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Peter Sara said the ACC had clearly not expected comments by ACC general manager Denise Cosgrove at an Institute of Actuaries of Australia conference in Brisbane would later be made widely available via internet and podcast.
Ms Cosgrove said ACC had faced major financial and other challenges but had since cut claims costs by $3.2 billion.
ACC managers had "taken the low-hanging fruit", but now faced more complex claims which made rehabilitation and return to work "a bit harder", the conference transcript said.
There had been targets for "actuarial release" and "stellar results", but there had also been adverse media coverage of issues such as "sensitive claims", involving sexual abuse, and elective surgery, she said.
ACC administrators had done the right things but had "moved too fast and didn't take the sectors with us", the transcript said.
Mr Sara said he was a "very strong supporter" of ACC but was "appalled" by Ms Cosgrove's comment about "low-hanging fruit", made at the conference last November.
Dunedin ACC campaigners say the comments initially "flew under the radar" but have sparked parliamentary debate and media coverage since Green Party ACC spokesman Kevin Hague tabled in Parliament last month a transcript.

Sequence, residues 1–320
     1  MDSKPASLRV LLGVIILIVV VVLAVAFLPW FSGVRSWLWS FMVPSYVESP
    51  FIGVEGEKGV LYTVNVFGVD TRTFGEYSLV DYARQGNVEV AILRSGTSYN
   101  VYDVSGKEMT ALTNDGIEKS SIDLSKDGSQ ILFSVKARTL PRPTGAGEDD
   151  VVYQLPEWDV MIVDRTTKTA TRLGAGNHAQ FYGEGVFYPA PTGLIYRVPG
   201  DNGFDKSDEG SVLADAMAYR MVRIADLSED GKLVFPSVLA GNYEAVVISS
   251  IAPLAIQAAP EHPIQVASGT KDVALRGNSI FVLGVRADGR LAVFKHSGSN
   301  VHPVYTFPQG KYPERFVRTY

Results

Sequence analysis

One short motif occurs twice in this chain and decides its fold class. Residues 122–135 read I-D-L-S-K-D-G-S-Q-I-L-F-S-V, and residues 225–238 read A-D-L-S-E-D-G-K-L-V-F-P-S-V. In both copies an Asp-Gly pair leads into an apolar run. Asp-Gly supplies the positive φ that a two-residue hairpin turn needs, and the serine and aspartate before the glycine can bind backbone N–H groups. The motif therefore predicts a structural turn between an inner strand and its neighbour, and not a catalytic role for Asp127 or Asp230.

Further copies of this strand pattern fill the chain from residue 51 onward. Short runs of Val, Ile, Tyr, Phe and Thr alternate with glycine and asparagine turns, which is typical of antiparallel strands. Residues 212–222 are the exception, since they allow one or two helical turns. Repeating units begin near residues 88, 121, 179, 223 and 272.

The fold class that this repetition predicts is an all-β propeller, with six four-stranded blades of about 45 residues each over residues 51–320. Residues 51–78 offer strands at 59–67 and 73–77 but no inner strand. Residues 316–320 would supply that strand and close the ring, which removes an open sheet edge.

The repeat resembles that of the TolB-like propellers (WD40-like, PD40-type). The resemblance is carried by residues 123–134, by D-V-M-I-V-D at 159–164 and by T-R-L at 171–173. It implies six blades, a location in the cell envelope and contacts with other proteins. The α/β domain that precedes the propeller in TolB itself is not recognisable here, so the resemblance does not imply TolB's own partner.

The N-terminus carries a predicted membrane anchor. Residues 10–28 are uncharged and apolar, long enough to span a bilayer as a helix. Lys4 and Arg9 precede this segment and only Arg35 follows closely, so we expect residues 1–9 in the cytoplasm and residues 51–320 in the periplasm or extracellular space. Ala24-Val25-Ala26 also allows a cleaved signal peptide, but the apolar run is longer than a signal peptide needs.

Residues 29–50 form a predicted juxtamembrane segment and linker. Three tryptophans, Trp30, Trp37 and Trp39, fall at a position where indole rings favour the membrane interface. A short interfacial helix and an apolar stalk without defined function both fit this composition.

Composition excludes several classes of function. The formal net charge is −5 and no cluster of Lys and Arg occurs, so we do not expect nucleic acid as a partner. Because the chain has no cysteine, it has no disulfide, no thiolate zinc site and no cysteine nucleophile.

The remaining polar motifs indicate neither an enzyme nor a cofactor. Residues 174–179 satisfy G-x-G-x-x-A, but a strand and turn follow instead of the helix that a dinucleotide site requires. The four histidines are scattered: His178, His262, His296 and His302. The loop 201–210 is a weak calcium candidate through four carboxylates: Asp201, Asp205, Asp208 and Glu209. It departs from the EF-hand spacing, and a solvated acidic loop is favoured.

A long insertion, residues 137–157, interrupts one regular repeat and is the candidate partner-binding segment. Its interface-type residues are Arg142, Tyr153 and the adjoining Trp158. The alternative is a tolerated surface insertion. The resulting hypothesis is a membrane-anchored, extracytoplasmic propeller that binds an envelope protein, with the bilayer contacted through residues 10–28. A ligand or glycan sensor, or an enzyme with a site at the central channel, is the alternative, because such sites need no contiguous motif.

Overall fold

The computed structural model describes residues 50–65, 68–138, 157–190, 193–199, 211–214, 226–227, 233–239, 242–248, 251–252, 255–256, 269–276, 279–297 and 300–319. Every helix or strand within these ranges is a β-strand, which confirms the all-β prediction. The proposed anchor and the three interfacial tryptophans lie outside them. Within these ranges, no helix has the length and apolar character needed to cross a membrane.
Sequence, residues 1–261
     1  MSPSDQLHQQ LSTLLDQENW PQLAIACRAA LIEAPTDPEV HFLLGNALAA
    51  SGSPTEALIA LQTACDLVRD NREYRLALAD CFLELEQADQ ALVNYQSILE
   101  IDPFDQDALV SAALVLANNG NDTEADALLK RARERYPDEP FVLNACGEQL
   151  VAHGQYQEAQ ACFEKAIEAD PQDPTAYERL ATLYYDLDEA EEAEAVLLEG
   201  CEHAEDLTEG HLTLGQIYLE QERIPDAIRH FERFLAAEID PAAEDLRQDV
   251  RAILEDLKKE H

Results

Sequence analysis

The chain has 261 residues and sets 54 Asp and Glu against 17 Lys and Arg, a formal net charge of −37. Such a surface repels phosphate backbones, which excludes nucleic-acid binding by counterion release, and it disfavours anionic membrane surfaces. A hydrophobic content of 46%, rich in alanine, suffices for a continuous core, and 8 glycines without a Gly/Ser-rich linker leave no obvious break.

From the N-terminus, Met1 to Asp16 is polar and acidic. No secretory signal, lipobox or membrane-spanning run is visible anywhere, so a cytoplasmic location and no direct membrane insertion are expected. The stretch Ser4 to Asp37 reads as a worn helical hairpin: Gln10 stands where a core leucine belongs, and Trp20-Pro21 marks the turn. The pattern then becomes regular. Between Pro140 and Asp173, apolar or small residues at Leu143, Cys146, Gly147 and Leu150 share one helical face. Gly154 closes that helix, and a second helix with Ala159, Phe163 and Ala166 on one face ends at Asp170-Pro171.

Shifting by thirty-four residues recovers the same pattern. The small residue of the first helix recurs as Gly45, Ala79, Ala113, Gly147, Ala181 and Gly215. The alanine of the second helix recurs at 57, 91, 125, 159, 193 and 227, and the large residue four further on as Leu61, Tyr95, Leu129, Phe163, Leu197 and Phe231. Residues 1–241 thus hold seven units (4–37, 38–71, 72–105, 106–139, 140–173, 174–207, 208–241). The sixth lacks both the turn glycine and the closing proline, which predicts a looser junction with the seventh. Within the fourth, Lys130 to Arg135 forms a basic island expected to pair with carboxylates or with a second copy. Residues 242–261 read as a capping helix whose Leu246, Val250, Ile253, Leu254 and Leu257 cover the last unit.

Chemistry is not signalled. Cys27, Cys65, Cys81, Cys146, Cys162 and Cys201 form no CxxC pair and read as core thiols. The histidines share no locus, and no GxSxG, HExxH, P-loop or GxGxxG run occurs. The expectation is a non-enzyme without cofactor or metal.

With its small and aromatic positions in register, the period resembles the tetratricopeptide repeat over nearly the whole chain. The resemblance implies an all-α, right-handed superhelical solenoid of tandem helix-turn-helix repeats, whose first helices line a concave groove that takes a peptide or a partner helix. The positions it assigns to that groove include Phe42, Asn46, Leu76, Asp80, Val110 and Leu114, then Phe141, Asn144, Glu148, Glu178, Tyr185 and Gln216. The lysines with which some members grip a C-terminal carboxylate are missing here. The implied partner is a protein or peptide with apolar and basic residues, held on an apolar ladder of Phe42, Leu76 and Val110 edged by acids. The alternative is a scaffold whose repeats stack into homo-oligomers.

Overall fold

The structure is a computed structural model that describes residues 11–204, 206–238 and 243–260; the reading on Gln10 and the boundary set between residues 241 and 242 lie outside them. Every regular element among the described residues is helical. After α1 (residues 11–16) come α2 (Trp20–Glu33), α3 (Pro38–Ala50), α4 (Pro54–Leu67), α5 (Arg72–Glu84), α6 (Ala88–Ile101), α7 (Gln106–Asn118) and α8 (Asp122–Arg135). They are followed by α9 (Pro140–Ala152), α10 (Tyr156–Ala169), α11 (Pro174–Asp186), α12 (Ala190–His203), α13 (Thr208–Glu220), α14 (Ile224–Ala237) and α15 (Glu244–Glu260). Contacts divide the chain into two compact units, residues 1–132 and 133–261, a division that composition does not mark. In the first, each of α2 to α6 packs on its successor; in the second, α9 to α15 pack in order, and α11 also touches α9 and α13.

Mr Sara said many vulnerable, injured people had been viewed as "ripe for the picking" and had been removed from ACC scheme coverage in recent years, but in many cases rehabilitation had not been achieved.
ACC's practices needed an "extreme makeover" if it was to recapture the public trust which had been lost, he said.
Darryl Frank, a Pricewaterhouse Coopers actuary, who has worked closely with ACC, told the conference there was "constant tension between the two sides of politics" in New Zealand and "differences in political ideologies".
Labour governments were "typically increasing access to benefits" but this had been "to some degree reversed" by the National-led Government since 2009, given concerns about ACC finances, he said.
Dr Denise Powell, the president of Acclaim Otago, an ACC claimant support group, said a mask had slipped and the "incredibly blatant" truth had been revealed about the removal of large numbers of long-term claimants from ACC coverage in order to meet political objectives.
She had listened to the conference on a podcast, and recalled "being quite shocked, sitting there with my mouth open".
Approached for comment, ACC lead media adviser Stephanie Melville said the term "low-hanging fruit" had been "used to describe the first raft of improvements"- that is "initiatives to yield rapid positive results to systems and process".
"It does not refer to individual clients or any attempt to stop people making claims."
No client was denied ACC help "before they're ready for vocational independence", she said.